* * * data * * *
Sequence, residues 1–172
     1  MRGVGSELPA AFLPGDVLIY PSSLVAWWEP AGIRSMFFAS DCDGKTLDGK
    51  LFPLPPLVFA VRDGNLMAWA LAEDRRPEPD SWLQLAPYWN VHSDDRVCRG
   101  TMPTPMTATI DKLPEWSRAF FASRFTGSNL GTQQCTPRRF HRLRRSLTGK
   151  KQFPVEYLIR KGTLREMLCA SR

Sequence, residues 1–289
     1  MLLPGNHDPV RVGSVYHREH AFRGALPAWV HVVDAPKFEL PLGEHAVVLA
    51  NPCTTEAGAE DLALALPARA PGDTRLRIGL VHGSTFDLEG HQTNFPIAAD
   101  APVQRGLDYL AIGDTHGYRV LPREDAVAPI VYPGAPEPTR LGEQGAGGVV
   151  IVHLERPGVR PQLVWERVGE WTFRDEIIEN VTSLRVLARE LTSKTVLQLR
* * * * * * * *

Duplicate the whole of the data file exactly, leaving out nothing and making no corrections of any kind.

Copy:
Sequence, residues 1–172
     1  MRGVGSELPA AFLPGDVLIY PSSLVAWWEP AGIRSMFFAS DCDGKTLDGK
    51  LFPLPPLVFA VRDGNLMAWA LAEDRRPEPD SWLQLAPYWN VHSDDRVCRG
   101  TMPTPMTATI DKLPEWSRAF FASRFTGSNL GTQQCTPRRF HRLRRSLTGK
   151  KQFPVEYLIR KGTLREMLCA SR

Sequence, residues 1–289
     1  MLLPGNHDPV RVGSVYHREH AFRGALPAWV HVVDAPKFEL PLGEHAVVLA
    51  NPCTTEAGAE DLALALPARA PGDTRLRIGL VHGSTFDLEG HQTNFPIAAD
   101  APVQRGLDYL AIGDTHGYRV LPREDAVAPI VYPGAPEPTR LGEQGAGGVV
   151  IVHLERPGVR PQLVWERVGE WTFRDEIIEN VTSLRVLARE LTSKTVLQLR